Friday, June 1, 2012

Scripture Hidden in Prayers

 Scripture is obviously the basis for many prayers: the Psalms themselves are prayers, the Our Father are the exact words of Our Lord Jesus Christ, and the first half of the Hail Mary is directly from Scripture.  Many prayers in the liturgy are taken from Scripture as well: the Sanctus is from Isaiah, the Agnus Dei is based in the preaching of John the Forerunner and the Book of Revelation, and the prayer immediately before receiving the Eucharist are derived from the words of the faithful centurion.  Many other prayers, from all traditions, have their basis in Scripture, though the passages are not always as well known.  Below are just a few of these.

Openings to the Liturgy of the Hours.  Two short prayers of opening,  used at different Hours, are taken directly from the Psalms: "Lord, open my lips / And my mouth will declare Your praise" (Ps 51:15) and "God, come to my assistance. / Lord, make haste to help me" (Ps 70:1).

The Franciscan Blessing.  A blessing used by Franciscans all the way back to St. Francis (he wrote it on a short manuscript given to Br. Leo, which is the only piece of writing we have in Francis' own hand) seems to be merely a part of Franciscan tradition.  However, the three-fold blessing was not created by St. Francis, but instead derives from the words of God Himself, spoken to Moses. 

"The Lord said to Moses, 'Say to Aaron and his sons, Thus you shall bless the people of Israel: you shall say to them,

The Lord bless you and keep you:
The Lord make His face to shine upon you, and be gracious to you:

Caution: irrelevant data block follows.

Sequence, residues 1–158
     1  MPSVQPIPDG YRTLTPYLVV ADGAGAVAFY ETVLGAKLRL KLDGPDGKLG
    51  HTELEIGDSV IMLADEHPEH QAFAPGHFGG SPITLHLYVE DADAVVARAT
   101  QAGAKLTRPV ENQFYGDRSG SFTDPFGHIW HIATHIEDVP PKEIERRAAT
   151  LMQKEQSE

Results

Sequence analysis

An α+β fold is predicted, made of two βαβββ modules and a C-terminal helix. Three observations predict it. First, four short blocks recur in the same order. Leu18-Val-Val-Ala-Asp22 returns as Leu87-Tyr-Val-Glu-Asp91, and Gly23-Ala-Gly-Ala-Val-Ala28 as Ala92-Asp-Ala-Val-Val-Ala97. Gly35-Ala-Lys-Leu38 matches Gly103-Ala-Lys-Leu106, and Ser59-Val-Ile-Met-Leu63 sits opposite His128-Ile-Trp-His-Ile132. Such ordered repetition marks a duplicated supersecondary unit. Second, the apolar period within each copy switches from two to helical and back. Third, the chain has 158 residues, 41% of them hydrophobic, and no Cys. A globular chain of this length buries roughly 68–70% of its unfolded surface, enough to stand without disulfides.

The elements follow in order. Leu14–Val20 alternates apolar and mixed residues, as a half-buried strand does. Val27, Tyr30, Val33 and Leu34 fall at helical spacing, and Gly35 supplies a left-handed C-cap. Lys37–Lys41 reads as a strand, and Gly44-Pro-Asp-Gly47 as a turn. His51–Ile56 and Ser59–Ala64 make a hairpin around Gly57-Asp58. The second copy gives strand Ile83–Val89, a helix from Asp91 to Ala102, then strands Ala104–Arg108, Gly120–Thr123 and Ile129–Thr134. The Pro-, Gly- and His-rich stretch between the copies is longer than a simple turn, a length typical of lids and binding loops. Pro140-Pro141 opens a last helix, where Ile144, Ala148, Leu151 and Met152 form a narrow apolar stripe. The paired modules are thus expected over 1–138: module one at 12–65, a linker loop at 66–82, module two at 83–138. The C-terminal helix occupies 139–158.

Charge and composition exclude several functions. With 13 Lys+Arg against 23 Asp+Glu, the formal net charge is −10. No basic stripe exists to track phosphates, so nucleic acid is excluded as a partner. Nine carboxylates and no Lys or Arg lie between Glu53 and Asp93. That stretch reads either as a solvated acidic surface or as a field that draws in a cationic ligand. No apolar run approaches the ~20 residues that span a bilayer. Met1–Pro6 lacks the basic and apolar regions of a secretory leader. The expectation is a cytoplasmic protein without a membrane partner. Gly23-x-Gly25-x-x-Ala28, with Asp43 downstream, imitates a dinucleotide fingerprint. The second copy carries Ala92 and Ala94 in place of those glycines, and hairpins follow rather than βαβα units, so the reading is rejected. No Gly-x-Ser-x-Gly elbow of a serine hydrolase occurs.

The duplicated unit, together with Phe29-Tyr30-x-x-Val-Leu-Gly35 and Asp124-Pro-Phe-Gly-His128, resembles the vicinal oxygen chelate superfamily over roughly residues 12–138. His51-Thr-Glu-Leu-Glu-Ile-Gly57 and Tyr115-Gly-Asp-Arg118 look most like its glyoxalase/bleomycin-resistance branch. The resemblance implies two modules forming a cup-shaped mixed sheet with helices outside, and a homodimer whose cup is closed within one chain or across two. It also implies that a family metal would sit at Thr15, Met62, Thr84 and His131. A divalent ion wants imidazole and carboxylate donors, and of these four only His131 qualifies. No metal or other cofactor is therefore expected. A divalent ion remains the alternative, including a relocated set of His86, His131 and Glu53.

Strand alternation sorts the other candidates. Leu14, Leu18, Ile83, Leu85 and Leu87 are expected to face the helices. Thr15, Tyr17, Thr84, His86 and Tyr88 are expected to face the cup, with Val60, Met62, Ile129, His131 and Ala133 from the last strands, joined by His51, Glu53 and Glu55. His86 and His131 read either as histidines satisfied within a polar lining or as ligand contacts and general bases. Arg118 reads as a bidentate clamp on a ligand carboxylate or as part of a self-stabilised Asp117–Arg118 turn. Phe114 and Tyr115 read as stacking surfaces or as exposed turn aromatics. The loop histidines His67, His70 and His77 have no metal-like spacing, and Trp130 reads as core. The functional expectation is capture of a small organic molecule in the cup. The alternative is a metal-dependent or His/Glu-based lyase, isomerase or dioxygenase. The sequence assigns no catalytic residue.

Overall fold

The Lord lift up His countenance upon you, and give you peace.

So shall they put My Name upon the people of Israel, and I will bless them"
 (Num 6:22-27).

Prayer to the Venerable Cross.  This prayer, a popular prayer used before sleep in the Eastern Church, derives its opening from the Book of Numbers: "Arise, O Lord, and let Thy enemies be scattered; and let them that hate Thee flee before Thee" (Num 10:35).  The prayer is as follows:

Let God arise and let His enemies be scattered; and let those who hate Him flee before His Presence.  As smoke vanishes, so let them vanish; and as wax melts before the fire, so let the demons perish before the presence of those who love God and who sign themselves with the Sign of the Cross and say in gladness: Hail, most precious and life-giving Cross of the Lord, for You drive away the demons by the power of our Lord Jesus Christ Who was crucified on You and Who went down to Hell and trampled on the power of the devil, and gave us You, His venerable Cross, for driving away all enemies.  O most precious and life-giving Cross of the Lord, help me, with our Holy Lady, the Virgin Mother of God and with all the Saints throughout the ages.  Amen.

These are only a very few examples of the countless prayers in the Catholic tradition that derive from Scripture.  As Scripture is the basis of our faith (for even Tradition grew out of the events related in Scripture and out of the words of Scripture), it follows that it would be the basis of our prayers as well.  Though Christianity is a "religion of the 'Word' of God," and not a "religion of the book," that does not mean that we are not devoted to Scripture (vid. CCC #108).  Let us always remember the reverence we owe to the Holy Scriptures.

Nota Bene: The "Prayer to the Venerable Cross" is taken from p. 69 of the Publicans Prayer Book by the Melkite Catholic Eparchy of Newton, published by Sophia Press.

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